keywords = "Balance, Detrended fluctuation analysis, Feedback, Feedforward, Fractal, Temporal correlation",
author = "Rand, {Troy J.} and Ambati, {Venkata Naga Pradeep} and Mukul Mukherjee",
year = "2019",
month = "3",
day = "4",
doi = "10.1007/s00221-018-5444-7",
language = "English (US)",
volume = "237",
pages = "601--610",
journal = "Experimental Brain Research",
issn = "0014-4819",
publisher = "Springer Verlag",
number = "3",

}

TY - JOUR

T1 - Persistence in postural dynamics is dependent on constraints of vision, postural orientation, and the temporal structure of support surface translations

AU - Rand, Troy J.

AU - Ambati, Venkata Naga Pradeep

AU - Mukherjee, Mukul

PY - 2019/3/4

Y1 - 2019/3/4

N2 - Activities of daily living require maintaining upright posture within a variety of environmental constraints. A healthy postural control system can adapt to different environmental constraints. Afferent sensory information is used to determine where the body is in relation to the gravitational vertical and efferent motor commands make corrections with the goal of keeping the center of mass within the base of support. The purpose of this research was to understand how vision, direction of translation, and the temporal correlation of the support surface stimuli affected the persistence characteristics of postural dynamics on short and long time scales. Ten healthy young adults performed a standing task with either eyes open or closed, oriented anteriorly or mediolaterally while the support surface underwent structured translations based on different levels of temporal correlation—white noise (no correlation), pink noise (moderate correlation), and red noise and sinusoidal movements (strong correlations). Center of pressure velocity was analyzed using fractal analysis to determine the dynamics of postural control. On the short time scale, persistence was shown to be stronger with eyes closed, in the mediolateral direction, and when the structure of translation contained stronger temporal correlation. On the long time scale, anti-persistence was stronger with eyes closed, in the mediolateral direction, and for all structures of movement except red noise. This study provides deeper insight into the flexibility existing in human movement responses to structured environmental stimuli through the fractal analysis of movement variability.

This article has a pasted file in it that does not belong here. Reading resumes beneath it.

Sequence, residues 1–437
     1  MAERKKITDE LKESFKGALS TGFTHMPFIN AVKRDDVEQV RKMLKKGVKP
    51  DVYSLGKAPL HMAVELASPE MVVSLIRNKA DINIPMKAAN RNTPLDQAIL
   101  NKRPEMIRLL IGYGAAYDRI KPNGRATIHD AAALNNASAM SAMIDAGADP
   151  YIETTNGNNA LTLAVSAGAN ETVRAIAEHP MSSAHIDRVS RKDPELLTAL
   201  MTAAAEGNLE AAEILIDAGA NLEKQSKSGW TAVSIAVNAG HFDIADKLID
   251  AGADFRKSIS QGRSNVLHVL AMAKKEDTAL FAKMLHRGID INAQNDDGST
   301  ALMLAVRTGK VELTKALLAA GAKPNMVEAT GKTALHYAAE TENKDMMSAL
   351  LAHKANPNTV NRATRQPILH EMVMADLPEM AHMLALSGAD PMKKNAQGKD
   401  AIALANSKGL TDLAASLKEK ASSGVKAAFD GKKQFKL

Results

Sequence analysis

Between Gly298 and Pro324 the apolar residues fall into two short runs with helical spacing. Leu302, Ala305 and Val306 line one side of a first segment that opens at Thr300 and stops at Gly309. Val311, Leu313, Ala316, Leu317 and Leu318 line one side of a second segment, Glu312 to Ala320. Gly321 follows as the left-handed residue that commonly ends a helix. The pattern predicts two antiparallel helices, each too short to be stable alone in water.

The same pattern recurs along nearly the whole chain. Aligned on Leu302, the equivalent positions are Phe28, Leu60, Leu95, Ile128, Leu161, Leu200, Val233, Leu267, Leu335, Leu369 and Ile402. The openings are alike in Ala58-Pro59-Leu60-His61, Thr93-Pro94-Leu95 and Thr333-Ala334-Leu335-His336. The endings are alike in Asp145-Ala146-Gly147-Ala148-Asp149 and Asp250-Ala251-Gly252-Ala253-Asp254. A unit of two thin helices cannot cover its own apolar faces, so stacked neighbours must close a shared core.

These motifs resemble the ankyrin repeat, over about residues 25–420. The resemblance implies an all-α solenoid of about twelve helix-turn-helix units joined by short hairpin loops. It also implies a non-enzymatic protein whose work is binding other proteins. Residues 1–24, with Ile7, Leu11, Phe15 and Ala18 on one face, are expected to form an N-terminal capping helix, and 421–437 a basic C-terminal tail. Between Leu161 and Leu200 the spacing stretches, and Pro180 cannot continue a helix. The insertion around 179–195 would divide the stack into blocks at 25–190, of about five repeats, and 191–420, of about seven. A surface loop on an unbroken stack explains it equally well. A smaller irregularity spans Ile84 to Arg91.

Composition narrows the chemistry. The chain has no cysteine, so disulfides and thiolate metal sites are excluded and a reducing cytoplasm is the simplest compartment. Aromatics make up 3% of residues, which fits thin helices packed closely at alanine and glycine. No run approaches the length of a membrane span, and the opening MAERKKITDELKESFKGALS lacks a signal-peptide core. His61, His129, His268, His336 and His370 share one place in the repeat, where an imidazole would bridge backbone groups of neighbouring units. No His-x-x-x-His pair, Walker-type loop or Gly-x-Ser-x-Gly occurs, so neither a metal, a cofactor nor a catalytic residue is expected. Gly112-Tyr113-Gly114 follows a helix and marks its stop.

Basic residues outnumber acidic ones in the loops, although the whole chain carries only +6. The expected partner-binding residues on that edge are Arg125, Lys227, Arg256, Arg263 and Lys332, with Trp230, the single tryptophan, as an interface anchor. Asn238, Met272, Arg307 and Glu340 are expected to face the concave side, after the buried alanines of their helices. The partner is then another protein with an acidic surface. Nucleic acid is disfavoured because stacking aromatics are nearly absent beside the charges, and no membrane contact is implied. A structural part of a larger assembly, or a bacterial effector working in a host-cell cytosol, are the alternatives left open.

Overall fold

AB - Activities of daily living require maintaining upright posture within a variety of environmental constraints. A healthy postural control system can adapt to different environmental constraints. Afferent sensory information is used to determine where the body is in relation to the gravitational vertical and efferent motor commands make corrections with the goal of keeping the center of mass within the base of support. The purpose of this research was to understand how vision, direction of translation, and the temporal correlation of the support surface stimuli affected the persistence characteristics of postural dynamics on short and long time scales. Ten healthy young adults performed a standing task with either eyes open or closed, oriented anteriorly or mediolaterally while the support surface underwent structured translations based on different levels of temporal correlation—white noise (no correlation), pink noise (moderate correlation), and red noise and sinusoidal movements (strong correlations). Center of pressure velocity was analyzed using fractal analysis to determine the dynamics of postural control. On the short time scale, persistence was shown to be stronger with eyes closed, in the mediolateral direction, and when the structure of translation contained stronger temporal correlation. On the long time scale, anti-persistence was stronger with eyes closed, in the mediolateral direction, and for all structures of movement except red noise. This study provides deeper insight into the flexibility existing in human movement responses to structured environmental stimuli through the fractal analysis of movement variability.

KW - Balance

KW - Detrended fluctuation analysis

KW - Feedback

KW - Feedforward

KW - Fractal

KW - Temporal correlation

UR - http://www.scopus.com/inward/record.url?scp=85057843012&partnerID=8YFLogxK

UR - http://www.scopus.com/inward/citedby.url?scp=85057843012&partnerID=8YFLogxK

U2 - 10.1007/s00221-018-5444-7

DO - 10.1007/s00221-018-5444-7

M3 - Article

C2 - 30506391

AN - SCOPUS:85057843012

VL - 237

SP - 601

EP - 610

JO - Experimental Brain Research

JF - Experimental Brain Research

SN - 0014-4819

IS - 3

ER -